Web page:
Farmers in Argentina blocked highways and rural routes throughout the country to protest anew the lack in progress in negotiations with the government over export taxes on farm goods.
Argentine television news channel Todo Noticias showed images of trucks and cars stopped along rural routes in the provinces of Santa Fe and Entre Rios on Thursday. In the town of Armstrong, 250 miles northwest of the capital of Buenos Aires, protesters stopped traffic on Route 9, burned car tires and waved Argentine flags. The roadblocks were the latest in a year-long conflict between the government of President Cristina Fernandez de Kirchner and Argentina’s large farming sector over export taxes on soybeans. Argentina is the world’s third-largest soybean exporter. The country has been hard hit by recent drops in global commodities prices, as well as a severe drought. Last year, demonstrations by farmers caused food shortages and blocked farm products from leaving the country. On Thursday farmers once again mounted roadblocks after lawmakers failed to reach quorum in Congress to debate a bill that would reduce the 35 percent soybean export tax. As farmers gathered Thursday afternoon on the nation’s highways, Fernandez was announcing new money-sharing measures. “Soy revenues will go to a fund that will be shared with the provinces and municipalities,” Fernandez told lawmakers at the presidential residence in Olivos. “Seventy percent of the fund will be controlled by the federal government and 30 percent by governors and local officials.”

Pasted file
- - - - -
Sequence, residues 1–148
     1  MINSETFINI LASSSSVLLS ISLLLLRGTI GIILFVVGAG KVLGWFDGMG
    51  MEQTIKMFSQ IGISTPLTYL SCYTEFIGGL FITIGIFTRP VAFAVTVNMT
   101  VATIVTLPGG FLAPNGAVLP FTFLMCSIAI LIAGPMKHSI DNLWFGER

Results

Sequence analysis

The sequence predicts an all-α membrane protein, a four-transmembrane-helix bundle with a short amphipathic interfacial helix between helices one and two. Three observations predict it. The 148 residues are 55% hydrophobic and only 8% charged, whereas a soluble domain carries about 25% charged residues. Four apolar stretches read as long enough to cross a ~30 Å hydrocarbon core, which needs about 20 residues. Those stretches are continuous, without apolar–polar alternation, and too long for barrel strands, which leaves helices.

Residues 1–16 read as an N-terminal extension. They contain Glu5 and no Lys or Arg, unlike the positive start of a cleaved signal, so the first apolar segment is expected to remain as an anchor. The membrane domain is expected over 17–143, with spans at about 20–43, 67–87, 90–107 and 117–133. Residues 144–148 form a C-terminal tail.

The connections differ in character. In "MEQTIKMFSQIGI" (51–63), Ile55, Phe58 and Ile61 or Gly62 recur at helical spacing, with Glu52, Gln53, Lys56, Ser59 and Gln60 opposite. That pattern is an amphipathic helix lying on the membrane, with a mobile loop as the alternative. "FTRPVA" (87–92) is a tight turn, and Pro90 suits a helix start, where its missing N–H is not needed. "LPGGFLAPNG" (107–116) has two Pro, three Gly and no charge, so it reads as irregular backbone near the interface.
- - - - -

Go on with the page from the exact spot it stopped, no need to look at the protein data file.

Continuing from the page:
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“It’s never been our intention to take anything away from anyone,” she said, alluding to complaints from farmers that the export taxes on soybeans were unfair. The president said $1.776 billion from the fund would be used for social infrastructure needs — “schools, houses, drinking water, sewers.” Fernandez cited “the moment of international crisis” as the reason for her decision to create “a federal solidarity fund.” But farm leaders criticized the announcement as a political move during an election year. Fernandez has sent a bill to Congress that would move mid-term congressional elections up four months, from October to June. “The government again will lose again with ideas like these; this is an attitude that will only serve to provoke farmers,” Eduardo Buzzi of the Argentine Agrarian Federation told Todo Noticias. “The people are still being strangled by these taxes.”